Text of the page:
Jack in the box







Project Overview

The jack in the box project is my introduction to Pixar's Renderman. The premise is to create a pop-up book in the real world and then develop a 3-D model to represent your real world creation in Maya through Renderman.

What follows is the journey so far when it comes to inspiration, previsualization and mock ups to the model itself and the progression towards completion.

This is Georges Melies ( 8 December 1861 – 21 January 1938) and one of my major inspirations for this piece. He was one of the first to enter into the world of special effects in films. In his own film "A Trip to the Moon" (1902) there is a very iconic moon with a face that has a bullet embedded into it. With this in mind I imaged a city popup world intertwined in the classic Melies world.




Georges Melies







The creation of the pop-up book required some elementary research. This was my first time creating an image with the intended effect of popping up and I found several tutorials online that assisted in accomplishing this task. The largest problem was stacking multiple layers of popup material to create an illusory foreground, midground and background.









Modeling a pop-up book and combining realism with impossible real world imagery has been a small struggle that I'm still tackling. This was the stage where it looks very much like the mock up created but I'm now realizing that I haven't put nearly enough of a twist on a pop-up book coming to life. Solving this problem while familiarizing myself with the tools Pixar's Renderman has available are my current goals.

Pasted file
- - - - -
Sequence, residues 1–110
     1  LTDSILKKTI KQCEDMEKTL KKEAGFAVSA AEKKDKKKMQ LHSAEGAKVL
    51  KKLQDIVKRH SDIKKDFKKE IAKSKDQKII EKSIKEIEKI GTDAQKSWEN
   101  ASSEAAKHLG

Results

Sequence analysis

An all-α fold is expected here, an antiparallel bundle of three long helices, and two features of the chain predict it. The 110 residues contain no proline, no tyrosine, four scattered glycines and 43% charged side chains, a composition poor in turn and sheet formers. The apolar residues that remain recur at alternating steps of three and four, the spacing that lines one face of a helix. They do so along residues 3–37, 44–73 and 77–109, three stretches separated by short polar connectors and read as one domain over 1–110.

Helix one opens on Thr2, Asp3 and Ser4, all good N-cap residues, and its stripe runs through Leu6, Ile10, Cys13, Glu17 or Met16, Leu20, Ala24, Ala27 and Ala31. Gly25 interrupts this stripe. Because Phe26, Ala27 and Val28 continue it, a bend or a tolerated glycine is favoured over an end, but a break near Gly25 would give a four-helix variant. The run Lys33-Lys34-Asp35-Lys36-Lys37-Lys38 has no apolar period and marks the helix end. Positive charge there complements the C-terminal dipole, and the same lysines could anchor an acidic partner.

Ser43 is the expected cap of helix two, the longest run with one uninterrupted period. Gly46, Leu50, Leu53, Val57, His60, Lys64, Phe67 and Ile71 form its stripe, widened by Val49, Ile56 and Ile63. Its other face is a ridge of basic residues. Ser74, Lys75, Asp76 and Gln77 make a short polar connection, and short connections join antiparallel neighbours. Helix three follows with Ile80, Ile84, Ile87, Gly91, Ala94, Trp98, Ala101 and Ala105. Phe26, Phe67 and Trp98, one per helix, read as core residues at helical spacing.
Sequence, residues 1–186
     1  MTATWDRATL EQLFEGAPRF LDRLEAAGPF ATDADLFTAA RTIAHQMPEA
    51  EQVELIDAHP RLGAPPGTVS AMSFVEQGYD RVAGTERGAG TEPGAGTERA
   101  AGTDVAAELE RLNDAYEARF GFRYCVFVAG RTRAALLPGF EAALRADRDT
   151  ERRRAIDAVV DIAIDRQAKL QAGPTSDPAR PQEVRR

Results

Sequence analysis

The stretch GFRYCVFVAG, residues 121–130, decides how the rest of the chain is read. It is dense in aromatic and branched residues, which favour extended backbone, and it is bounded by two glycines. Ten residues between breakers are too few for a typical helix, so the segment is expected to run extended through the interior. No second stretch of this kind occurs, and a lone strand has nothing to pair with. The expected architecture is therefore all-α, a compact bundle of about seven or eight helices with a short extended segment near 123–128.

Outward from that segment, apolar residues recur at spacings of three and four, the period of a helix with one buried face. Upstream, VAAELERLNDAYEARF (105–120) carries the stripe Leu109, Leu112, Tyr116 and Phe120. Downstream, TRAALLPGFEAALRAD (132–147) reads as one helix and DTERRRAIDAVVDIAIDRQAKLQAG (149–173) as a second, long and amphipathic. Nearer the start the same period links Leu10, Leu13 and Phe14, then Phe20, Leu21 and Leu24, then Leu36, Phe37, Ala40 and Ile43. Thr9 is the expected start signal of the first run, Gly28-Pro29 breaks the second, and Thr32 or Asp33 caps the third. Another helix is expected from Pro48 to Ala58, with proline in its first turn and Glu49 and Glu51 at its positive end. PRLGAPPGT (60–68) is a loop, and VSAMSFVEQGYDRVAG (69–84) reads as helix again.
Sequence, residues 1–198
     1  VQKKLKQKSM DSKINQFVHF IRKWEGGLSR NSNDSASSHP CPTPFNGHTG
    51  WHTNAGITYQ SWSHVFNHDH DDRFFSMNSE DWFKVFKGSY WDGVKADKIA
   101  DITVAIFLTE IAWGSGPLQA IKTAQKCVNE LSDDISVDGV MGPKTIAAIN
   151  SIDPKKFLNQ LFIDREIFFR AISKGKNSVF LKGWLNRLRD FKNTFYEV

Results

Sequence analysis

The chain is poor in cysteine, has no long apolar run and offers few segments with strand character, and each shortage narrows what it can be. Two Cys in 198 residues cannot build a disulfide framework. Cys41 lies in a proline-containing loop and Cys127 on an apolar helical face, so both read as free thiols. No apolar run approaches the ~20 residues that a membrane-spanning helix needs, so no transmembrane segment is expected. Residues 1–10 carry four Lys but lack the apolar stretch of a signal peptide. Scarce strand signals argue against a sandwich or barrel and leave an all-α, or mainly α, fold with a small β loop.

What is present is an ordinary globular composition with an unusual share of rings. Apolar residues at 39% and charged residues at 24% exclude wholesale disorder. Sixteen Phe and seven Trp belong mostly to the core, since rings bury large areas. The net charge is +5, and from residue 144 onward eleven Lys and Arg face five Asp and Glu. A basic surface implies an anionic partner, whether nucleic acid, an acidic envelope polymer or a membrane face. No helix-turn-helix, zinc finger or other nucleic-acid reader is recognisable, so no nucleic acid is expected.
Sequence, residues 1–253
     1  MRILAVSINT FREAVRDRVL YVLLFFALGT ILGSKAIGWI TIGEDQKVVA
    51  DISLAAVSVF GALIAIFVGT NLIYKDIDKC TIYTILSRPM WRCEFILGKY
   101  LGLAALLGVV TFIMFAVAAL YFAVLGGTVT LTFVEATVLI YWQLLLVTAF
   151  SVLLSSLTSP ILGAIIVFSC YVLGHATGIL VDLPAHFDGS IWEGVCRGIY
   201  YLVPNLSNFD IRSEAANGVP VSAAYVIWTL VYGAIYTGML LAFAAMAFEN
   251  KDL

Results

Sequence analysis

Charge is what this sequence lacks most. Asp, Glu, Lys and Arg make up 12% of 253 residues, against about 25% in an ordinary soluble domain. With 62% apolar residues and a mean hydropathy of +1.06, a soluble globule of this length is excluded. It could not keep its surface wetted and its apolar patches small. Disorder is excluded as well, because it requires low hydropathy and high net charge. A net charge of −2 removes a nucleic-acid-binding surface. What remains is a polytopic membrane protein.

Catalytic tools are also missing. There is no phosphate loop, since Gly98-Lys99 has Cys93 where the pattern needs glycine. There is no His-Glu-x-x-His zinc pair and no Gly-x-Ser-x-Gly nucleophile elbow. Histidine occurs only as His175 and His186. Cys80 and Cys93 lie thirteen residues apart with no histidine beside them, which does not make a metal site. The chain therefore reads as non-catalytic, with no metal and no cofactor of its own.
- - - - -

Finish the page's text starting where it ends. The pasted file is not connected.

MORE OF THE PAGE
This was rendered with Maya's software renderer before my introduction into renderman and also before the model's UV layout occured.



The image is pixelated because of rendering in a lower resolution but this was my first Renderman render with the new model (see problems section for details).



At this point I've begun painting the UV layout for the cityscape. The final UV's will be shown after the scene is fully textured.







The UV layouts for the cityscape were definitely the most time consuming but also the most enriching to the piece itself. The one mistake I will never make again was creating UV snapshots that were far too small for the amount of detail I wanted to display in the final render.





After laying UV's I began lighting the scene. There were some difficulties which will be later explained.



environment light only



environment light with mesh light



window/sign lights added/added stars/replaced backdrop with textured ground





image retouching in Nuke (denoise, color correction, reformating) located at the top



Challenges of the Project





The majority of the issues with this project consisted of familiarizing myself with Renderman and how different components within the plug-in integrate with Maya. Sadly my issues with Renderman began with merely installing the plug-in on my home station. The process seems very simple and trully it was the fact that I made it personally difficult more than anything else. When installing the plug-in you cannot install the installer in a separate folder from the location you wish you install the plug-in itself. I have multiple hard drives on my computer and have one folder exclusively for downloads and didn't not anticipate this being an issue. It was most certainly an issue and a simple yet unexpected one that took reinstalling Maya twice to figure out was indeed the source of the troubles. So, when installing Renderman make sure to install the plug-in where you want to install Renderman as this is where it will initially license your software before installation.